Secondhand market: Fuji GFX 50R vs Phase One vs Hasselblad

Discussion in 'Medium Format' started by Karim Ghantous, Jul 22, 2021.

  1. I don't have a huge sample size but I have noticed that on the secondhand market, a GFX 50R is going for about the same price as the modular DSLR cameras with equivalent performance. E.g. Hasselblad H4D-40; P45+ based bodies. It's also cheaper than a 645Z.

    Maybe I'm the crazy one but I'm not sure why I would buy an H4D-40 over a GFX 50R. There will be exceptions for some, of course, but I just don't get it. The 50R is faster, somewhat cheaper, and performs at least as well as anything at or below the 50Mpx level.

    I'm not saying I would knock back a recent model Phase One such as the XF. They're beautiful cameras with excellent features. But would I buy one? No.

    Let me know your thoughts.
  2. I assume everything depends on the use case?
    But yes, I am feeling too old to get a MF DSLR for hobby purposes.
  3. You should do whatever you want.
  4. That's the thing: I reject the idea that all cameras have their uses. Some are obsolete. Having said that, I am very willing to change my mind here (not that this affects anyone but me). MF DSLRs are not just cameras, they are events! If you know what I mean. They are chic, some of them.

    But if a Fuji camera can do everything that a Phase One camera can do, and better, then the Phase One literally has zero use cases. That's an if, not a because.
  5. Fuji using format different from Hasselblad.
  6. Your logic is a bit flawed.

    If (indeed) a Fuji can do everything a Phase One can do, and better, a Phase One can still do what a Phase One can do. Which may be quite a lot.

    If you think the Fuji does it better, you should use the Fuji. What better means may vary a lot between photographers.
    For instance, it appears that you just like Fuji more than other brands, and use that personal conclusion as a premise that closes the argument.

    And only the premises as such are an 'if'. The conclusion turns them into 'because'.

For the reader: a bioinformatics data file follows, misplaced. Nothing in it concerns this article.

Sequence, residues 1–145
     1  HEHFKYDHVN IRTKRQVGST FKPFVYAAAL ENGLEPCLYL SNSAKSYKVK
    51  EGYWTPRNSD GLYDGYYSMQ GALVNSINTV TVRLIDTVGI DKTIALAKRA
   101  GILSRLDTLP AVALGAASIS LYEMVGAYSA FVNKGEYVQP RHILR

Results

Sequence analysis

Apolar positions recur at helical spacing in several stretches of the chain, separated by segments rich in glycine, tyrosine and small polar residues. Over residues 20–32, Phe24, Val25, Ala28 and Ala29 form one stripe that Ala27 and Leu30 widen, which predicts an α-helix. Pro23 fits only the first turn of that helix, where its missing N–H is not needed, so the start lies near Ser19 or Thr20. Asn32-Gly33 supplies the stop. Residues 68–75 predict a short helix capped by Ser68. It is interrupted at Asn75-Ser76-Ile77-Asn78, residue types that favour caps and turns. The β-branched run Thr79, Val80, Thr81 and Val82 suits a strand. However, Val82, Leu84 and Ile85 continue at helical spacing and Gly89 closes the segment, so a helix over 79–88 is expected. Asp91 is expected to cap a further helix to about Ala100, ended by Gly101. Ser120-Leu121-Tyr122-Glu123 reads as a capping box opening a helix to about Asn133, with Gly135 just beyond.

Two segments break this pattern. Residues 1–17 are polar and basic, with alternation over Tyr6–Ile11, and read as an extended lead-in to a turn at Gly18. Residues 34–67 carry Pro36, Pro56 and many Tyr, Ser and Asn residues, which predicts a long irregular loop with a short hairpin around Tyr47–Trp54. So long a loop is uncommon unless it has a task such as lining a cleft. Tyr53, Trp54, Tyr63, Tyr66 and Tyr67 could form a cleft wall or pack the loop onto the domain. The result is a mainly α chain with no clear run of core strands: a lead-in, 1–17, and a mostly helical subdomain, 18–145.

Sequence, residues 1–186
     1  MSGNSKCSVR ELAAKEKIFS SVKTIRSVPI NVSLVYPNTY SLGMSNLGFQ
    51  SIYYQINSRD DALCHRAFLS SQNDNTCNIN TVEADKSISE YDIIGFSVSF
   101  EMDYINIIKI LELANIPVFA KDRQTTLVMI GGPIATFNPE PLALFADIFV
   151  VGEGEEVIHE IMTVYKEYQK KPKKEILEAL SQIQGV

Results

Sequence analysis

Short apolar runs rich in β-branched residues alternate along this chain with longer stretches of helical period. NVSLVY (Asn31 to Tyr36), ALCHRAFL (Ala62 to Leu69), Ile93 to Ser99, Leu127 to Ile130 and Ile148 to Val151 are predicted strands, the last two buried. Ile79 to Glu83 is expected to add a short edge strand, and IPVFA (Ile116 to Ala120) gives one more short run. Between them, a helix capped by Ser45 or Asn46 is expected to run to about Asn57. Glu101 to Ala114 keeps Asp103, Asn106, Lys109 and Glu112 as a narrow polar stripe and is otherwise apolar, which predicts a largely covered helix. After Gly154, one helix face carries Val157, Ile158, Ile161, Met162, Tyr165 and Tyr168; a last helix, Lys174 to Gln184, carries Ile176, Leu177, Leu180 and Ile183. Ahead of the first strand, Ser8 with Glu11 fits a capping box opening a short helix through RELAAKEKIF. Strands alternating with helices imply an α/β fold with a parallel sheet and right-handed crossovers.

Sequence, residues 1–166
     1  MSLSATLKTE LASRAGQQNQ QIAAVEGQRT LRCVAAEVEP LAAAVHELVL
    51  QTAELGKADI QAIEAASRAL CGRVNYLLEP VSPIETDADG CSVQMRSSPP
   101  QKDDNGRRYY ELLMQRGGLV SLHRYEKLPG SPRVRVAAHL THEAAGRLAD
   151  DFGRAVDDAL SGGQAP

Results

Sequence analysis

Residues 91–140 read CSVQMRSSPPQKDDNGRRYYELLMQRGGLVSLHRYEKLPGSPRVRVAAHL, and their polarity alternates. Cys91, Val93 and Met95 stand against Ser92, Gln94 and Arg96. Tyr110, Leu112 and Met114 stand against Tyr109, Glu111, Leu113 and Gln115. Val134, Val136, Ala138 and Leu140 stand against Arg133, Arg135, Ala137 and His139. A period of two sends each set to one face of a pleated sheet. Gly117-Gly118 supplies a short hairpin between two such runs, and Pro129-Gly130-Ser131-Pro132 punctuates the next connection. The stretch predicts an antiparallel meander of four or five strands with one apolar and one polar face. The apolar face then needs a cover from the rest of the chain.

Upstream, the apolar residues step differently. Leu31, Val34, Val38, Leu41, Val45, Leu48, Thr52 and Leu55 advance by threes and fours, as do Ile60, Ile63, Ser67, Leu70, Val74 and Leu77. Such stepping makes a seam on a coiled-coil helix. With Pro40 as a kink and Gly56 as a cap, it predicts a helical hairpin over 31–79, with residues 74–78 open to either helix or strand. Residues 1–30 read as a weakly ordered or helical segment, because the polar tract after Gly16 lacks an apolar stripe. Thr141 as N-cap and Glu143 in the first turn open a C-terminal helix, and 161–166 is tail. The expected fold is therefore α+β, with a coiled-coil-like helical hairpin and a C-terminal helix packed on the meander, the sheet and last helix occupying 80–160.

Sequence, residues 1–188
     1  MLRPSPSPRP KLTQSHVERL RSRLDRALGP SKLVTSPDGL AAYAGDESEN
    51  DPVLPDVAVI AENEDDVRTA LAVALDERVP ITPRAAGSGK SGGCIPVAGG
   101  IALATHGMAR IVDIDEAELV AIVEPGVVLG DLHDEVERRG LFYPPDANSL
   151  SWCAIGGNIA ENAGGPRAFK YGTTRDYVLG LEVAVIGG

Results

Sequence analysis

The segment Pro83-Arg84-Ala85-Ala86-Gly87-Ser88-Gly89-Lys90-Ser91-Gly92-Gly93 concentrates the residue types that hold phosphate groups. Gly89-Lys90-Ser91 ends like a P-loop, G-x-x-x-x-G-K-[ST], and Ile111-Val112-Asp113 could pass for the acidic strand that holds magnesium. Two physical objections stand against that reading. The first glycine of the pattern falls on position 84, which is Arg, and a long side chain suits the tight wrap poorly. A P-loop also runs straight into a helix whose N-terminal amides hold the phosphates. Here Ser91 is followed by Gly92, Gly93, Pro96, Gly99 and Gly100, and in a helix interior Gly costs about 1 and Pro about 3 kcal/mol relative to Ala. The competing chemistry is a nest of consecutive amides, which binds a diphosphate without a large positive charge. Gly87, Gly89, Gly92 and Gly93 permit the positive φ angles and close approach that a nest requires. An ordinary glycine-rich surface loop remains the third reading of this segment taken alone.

Again: you should do whatever you want.
    Your posts are not an invitation to discuss and weigh the qualities of different brands, but an expression of your preference.
    Jochen and Nick D. like this.
  7. And BTW, you forgot about lenses. Medium digital format is mostly promarket, don't think pros will dump their MF lens collection just because Fuji camera a bit cheaper.
    Plus workflow integration, software support, its whole can of worms.
    And don't forget personal preferences, if money weren't object, I would stay with Canon, their colors looks better to me:)
    Jochen likes this.
  8. Yes, true. If you already have a bunch of Phase One lenses, you're probably going to consider not just the cost of transition, but the potential inconvenience of it. It might be more expensive to upgrade your sensor blocks, but are you really going to want the inconvenience of changing to a different system?

    Of course you might be able to use your Phase One lenses on the GFX system. You might even have full functionality. I don't know.

  9. Medium format digital has historically been an extremely niche, specialized market: you either needed a specific advantage of MF, or you didn't bother with it at all. Up until the fairly recent introduction of the affordable integrated Fuji and Hasselblad mirrorless, initial buy-in cost of a MF camera+back+normal lens ran $30K to $60K (Pentax 645D and Z were notably less expensive, but played in their own sandbox).

    The newer 33x44 mirrorless options are popular but haven't completely dislodged the DSLR dinosaurs just yet. As others have mentioned, MF lenses are not cheap: those with an investment in several Hasselblad H or Phase Schneider optics aren't exactly eager to take a huge loss selling them to purchase even more expensive lenses for the new mirrorless systems. One can adapt some of the older MF DSLR lenses to DSLR mirrorless, but ergonomics suffer (and critical lens functionality can be compromised or lost entirely).